Acacia confusa

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  • N-methyltryptamine, N,N-dimethyltryptamine, and N,N-dimethyltryptamine-N-oxide (Buchanan MS, Carroll AR, Pass D, Quinn RJ. NMR spectral assignments of a new chlorotryptamine alkaloid and its analogues from Acacia confusa, Magn Reson Chem. 2007 Apr; 45(4):359-61, online text)

General Plant Info

Acacia confusa is a perennial tree native to South-East Asia and containing high concentrations of psychoactive tryptamines in its root bark. It appears attractive for use in ayahuasca analogs[1], though at this point, experience with such preparations remains limited. Some local names include Acacia Petit Feuille, Small Philippine Acacia, Formosa Acacia (Taiwan Acacia) and Formosan Koa. The tree has become very common in many tropical Pacific areas, including Hawaii, where the species is considered invasive.[2]

Geographic distribution



Alkaloid content

Root bark

  • N-methyltryptamine, 1.43%[3]
  • N-methyltryptamine, N,N-dimethyltryptamine, 1.15% (Liu et al 1977 ref. Trout's Notes)



  • N-methyltryptamine, 0.04%[3]
  • N,N-dimethyltryptamine, 0.01% (Arthur et al 1967 ref. Trout's notes) The above references may have methodology problems as higher stem % reported more recently.[4]
  • N,N-dimethyltryptamine 0.4823%,N-methyltryptamine 2.3%, DMT N-Oxide 0.01%, Bufotenine 0.003%, 2-MTHBC 0.006 [5]
  • DMT, NMT, 2-MTHBC [6]



One published report [Loo & Lamberton 1967] of no alkaloids in the phyllodes (leaf-like structures) has had it's validity questioned due to methodology. Other anecdotal reports of active phyllodes containing alkaloids. [7]


The seeds are considered poisonous and reported to cause headache upon ingestion. [8]

Little research has been done, but successful ayahuasca preparations[9][10] and direct oral activity[11][12] using the root bark (and possibly, ordinary bark) have been reported.

Ayahuasca analogs prepared with Acacia confusa root bark are known as Formosahuasca (after Formosa acacia, i.e., the beautiful acacia, presumably after Ilha Formosa, i.e., the beautiful island, the original Portuguese name for Taiwan), or alternatively as Chinahuasca or Asian Ayahuasca.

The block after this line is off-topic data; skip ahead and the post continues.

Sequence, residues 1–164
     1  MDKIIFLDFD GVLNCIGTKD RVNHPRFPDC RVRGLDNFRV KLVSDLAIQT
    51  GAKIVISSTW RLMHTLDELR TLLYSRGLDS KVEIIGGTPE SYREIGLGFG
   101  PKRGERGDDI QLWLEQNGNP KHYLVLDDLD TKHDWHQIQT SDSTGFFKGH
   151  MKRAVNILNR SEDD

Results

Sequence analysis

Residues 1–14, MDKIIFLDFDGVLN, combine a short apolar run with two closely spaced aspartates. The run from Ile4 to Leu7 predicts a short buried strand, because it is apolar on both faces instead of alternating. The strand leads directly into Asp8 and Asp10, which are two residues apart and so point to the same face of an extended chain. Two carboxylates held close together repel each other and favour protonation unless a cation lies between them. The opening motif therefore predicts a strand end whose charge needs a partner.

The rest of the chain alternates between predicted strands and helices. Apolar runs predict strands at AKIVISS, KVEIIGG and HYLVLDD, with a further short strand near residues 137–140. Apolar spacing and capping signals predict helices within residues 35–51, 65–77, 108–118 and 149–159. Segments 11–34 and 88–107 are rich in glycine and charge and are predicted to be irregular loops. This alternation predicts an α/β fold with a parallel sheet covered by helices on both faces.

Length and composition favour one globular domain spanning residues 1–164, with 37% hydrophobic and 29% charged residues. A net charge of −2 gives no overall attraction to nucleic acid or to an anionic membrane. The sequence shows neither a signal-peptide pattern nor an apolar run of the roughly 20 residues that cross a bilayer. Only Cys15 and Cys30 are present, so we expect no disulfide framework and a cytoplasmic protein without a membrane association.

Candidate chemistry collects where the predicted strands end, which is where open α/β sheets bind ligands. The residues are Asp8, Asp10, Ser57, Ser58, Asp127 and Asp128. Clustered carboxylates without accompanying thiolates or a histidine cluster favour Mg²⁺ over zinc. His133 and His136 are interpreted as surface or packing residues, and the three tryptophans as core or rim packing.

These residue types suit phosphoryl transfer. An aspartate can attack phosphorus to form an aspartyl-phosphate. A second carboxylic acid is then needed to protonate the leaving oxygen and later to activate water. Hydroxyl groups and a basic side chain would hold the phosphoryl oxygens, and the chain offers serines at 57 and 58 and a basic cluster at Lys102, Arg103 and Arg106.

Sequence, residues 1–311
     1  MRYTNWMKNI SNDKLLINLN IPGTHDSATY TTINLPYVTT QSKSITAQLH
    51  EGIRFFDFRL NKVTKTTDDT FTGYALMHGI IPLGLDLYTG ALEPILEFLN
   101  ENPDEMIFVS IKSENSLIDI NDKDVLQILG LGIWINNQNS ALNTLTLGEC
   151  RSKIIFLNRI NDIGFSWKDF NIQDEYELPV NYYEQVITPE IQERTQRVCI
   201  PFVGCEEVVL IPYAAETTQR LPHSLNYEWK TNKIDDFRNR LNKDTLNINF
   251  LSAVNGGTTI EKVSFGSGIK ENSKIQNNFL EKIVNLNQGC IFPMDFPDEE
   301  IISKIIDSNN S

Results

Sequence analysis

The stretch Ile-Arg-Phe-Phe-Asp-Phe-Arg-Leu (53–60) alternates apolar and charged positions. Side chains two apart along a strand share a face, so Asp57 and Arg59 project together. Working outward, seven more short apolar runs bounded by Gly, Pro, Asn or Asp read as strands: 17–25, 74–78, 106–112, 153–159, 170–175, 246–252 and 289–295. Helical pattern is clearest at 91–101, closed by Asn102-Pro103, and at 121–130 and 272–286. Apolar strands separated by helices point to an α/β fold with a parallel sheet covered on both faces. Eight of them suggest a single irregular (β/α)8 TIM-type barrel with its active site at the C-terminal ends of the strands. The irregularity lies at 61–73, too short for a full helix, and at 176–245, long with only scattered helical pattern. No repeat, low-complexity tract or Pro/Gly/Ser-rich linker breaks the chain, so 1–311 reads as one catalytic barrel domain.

The psychoactive tryptamines extracted from Acacia confusa are described in a number of publications. [13]

Other uses

The plant is considered medicinal in Taiwan.[14] (The same publication reports it as toxic, without providing further details.)

Online excerpts from Chinese medicine books (precise references are not given) state that the root can be used for detoxification, treating larynx and windpipe inflammation and liver disorders. (Original Chinese text: 根有清热解毒、解暑发表的功能。可用于治疗咽喉肿痛,黄疸性肝炎及慢性气管炎等。)

Positive outcome has been reported for applications of Acacia confusa bark extract to combat the liver toxicity of carbon tetrachloride in rats. [15] Goat foraging on the plant has been observed. [16]




Acacia Confusa Thread DMT Nexus

Acacia confusa on Wikipedia


  1. Seemingly promising Acacia species lacking bioassay reports in Ayahuasca: alkaloids, plants & analogs by Keeper of the Trout
  2. Pacific Island Ecosystems at Risk (PIER)
  3. 3.0 3.1 3.2 Lycaeum
  4. Trying to improve Acacia information - DMT Nexus
  5. Acacia Analysis - DMT Nexus
  6. Acacia Analysis - DMT Nexus
  7. Trying to improve Acacia information - DMT Nexus
  9. Erowid Report
  10. A Guide to Brewing Asian Ayahuasca
  11. Erowid Report
  12. Acacia confusa and Formosahuasca - DMT-Nexus
  13. Arthur, H.R., Loo, S.N. & Lamberton, J.A. Nb-methylated tryptamines and other constituents of Acacia confusa Merr. of Hong Kong. Aust. J Chem. 20 (1967) 811 online text; Lee, T.H. and Chou, C.H. Flavonoid aglycones and indole alkaloids from the roots of Acacia confusa, Journal of the Chinese Chemical Society 47 (2000) 1287-1290, online text; Buchanan MS, Carroll AR, Pass D, Quinn RJ. NMR spectral assignments of a new chlorotryptamine alkaloid and its analogues from Acacia confusa, Magn Reson Chem. 2007 Apr; 45(4):359-61, online text
  14. Li, Thomas S. C. Taiwanese Native Medicinal Plants: Phytopharmacology and Therapeutic Values, CRC Press (2006), ISBN: 0849392497, p.2. online GoogleBooks preview full text
  15. Tung, Y.-T., Wu, J.-H., Huang, C.-C., Peng, H.-C., Chen, Y.-L., Yang, S.-C., Chang, S. T. Protective effect of Acacia confusa bark extract and its active compound gallic acid against carbon tetrachloride-induced chronic liver injury in rats, Food and Chemical Toxicology 47 (2009) 1385–1392, online text
  16. K. Hagstrom, M. L. Christiansen and E. R. Cleveland. Plants in Hawaii that are eaten by goats, J. Haw. Pac. Agri. 4 (1993) 101-105, online text